When Jeffrey Neithammer was arrested by police in Media, Pennsylvania in May of 2022, Delaware County District Attorney Jack Stollsteimer was quick to tout the takedown of the man accused of operating a “ghost gun” factory and meth lab in an apartment not far from the heart of the township’s downtown. In a press release pushed out by his office, Stollsteimer declared, “this case lays bare the ease with which guns can now be obtained in our community,” adding that the community is “awash in guns, and those guns endanger the lives of first responders and ordinary citizens every day.”
Stollsteimer proclaimed that “we must fight this battle every day, in every way we can – we want the defendant and his products off our streets.” And yet, when it came time to take Neithammer’s case to trial, Stollsteimer’s office instead agreed to a plea bargain that could see the suspect released without spending another day in jail. Given that Stollsteimer is now running for Attorney General, I doubt his office is going to be blasting out news of the deal that will keep Neithammer on the streets like he did when Neithammer was arrested two years ago. Thankfully, there’s at least one media outlet that reported on the deal, though they left out any mention of the D.A. himself.
A Media man accused of producing untraceable ghost guns and methamphetamine in an apartment in the downtown business corridor of “everybody’s hometown” was sentenced to time served to 12 months Monday after pleading guilty to one count of possession of a prohibited weapon, a first-degree misdemeanor.
Jeffrey Neithammer, 36, formerly of the 300 block of West State Street, had also been charged with three counts of reckless endangerment, as well as one count each of possession of a controlled substance and possession of drug paraphernalia, all misdemeanors.
Those charges were dismissed under the negotiated guilty plea worked out by Assistant District Attorney Brian Denk and defense counsel G. Guy Smith. A felony count of discharging a firearm into an occupied structure was also previously removed as part of a negotiated waiver at a 2022 preliminary hearing.
According to police, when they responded to a fire alarm from Neithammer’s apartment, they discovered a scene out of the show Hoarders, with trash and other belongings filling up the small apartment. They also found what they originally thought was a dead body, only to discover upon closer inspection that the pale and profusely sweating Neithammer was still breathing.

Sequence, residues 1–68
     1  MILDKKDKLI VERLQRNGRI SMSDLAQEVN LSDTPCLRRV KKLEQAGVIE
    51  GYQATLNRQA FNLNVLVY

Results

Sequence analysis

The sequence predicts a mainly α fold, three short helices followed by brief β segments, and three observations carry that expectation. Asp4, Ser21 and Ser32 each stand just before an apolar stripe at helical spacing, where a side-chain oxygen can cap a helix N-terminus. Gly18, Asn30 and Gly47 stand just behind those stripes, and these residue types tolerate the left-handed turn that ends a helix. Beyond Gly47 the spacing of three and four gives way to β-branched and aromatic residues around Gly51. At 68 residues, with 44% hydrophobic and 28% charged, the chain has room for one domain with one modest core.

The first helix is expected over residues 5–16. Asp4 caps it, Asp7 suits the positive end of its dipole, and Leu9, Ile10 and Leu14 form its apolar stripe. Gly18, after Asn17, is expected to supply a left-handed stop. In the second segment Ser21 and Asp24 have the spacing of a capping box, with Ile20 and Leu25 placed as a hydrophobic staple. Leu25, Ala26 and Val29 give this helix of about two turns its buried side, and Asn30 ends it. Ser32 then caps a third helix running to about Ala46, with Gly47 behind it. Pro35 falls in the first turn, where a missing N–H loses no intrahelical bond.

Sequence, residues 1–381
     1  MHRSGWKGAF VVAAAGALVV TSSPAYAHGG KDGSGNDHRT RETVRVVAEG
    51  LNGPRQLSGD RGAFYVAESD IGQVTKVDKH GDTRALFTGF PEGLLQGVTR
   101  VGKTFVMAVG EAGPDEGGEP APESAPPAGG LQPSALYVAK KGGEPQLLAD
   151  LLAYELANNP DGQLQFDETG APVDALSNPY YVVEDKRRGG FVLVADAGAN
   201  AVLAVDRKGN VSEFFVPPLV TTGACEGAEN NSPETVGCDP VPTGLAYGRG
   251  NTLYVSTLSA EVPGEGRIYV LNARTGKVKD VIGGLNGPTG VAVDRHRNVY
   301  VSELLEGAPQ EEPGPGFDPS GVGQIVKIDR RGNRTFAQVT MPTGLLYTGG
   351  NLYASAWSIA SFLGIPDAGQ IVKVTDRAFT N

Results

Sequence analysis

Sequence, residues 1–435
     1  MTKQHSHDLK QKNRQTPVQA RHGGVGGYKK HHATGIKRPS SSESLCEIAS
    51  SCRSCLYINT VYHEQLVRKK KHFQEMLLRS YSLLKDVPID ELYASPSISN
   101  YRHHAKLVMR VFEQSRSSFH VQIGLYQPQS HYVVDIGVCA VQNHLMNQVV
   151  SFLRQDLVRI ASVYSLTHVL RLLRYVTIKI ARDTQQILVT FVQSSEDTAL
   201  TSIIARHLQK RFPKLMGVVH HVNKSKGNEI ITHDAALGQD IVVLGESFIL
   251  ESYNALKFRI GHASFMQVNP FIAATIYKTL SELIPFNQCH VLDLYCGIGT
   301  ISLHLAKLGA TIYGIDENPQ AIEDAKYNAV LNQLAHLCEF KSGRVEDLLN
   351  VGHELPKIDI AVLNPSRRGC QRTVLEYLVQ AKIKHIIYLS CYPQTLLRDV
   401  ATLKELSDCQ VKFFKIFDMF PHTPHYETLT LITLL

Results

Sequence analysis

Firefighters told police they saw evidence that the apartment was being used as a methamphetamine lab, the affidavit reads. When officers entered the apartment to check the fire alarms, they allegedly found metalworking equipment, along with various gun-making and drug paraphernalia. This included a computer pad with white powder, a straw and razor on it near where Neithammer had been found earlier.
Police also found several large bottles in the bathroom, one of which had a hose sticking out of it, and wires and computers scattered around the apartment, according to the affidavit.
Neithammer was detained on drug possession and paraphernalia charges, and a bomb squad was called in to ensure there were no explosive compounds on scene.
County Detective Brian Alexander, a member of the bomb squad, cleared the apartment as safe, and Egan and county Detective Sgt. Anthony Ruggieri secured a search warrant for the premises.
Among the items seized during the search were two ghost guns, both with silencers attached, as well as two pistols, one of which also had a silencer, an altered .22-caliber rifle with a scope, and numerous other 3D-printed and metal silencer attachments, the affidavit reads.
In their search, police also uncovered drugs, including methamphetamine and cocaine, along with 3D-printed magazines, an AR-style rifle, and tools including a 3D printer, along with assorted saws, sanders, and the like.
Manufacturing meth can carry a ten-year prison sentence in Pennsylvania, but for whatever reason Stollsteimer and his team of prosecutors never pursued that charge against Neithammer. In fact, the only felony he ever officially had to deal with was discharging a gun in an occupied building, but meth-making wasn’t the only potential felony he could have faced. He was also convicted of a felony firearm charge in Philadelphia in 2012, which meant Stollsheimer could have hit him with a felon in possession charge as well. Neithammer could easily have been looking at ten years or more in prison, but under the terms of the deal, the only time he’ll likely end up serving is the five months or so he spent behind bars before posting bail in October of 2022.
Regardless of what we might think about felon-in-possession statutes or the various gun and drug charges Neithammer was accused of violating, the fact remains that the tough talk from Stollsteimer when Neithammer was arrested was just that: talk. Were there evidentiary issues that precluded prosecution, or is the deal approved by Stollsteimer’s deputy just another example of the bizarre Democratic dichotomy that treats lawful gun owners as a bigger threat than violent criminals or drug dealers? I’d love to hear an explanation from the DA himself, but either way, at a time when Stollsteimer’s fellow Democrats in the legislature are trying to create a host of new criminal offenses out of our right to keep and bear arms, Neithammer’s deal is another reminder of the left’s skewed priorities when it comes to public safety.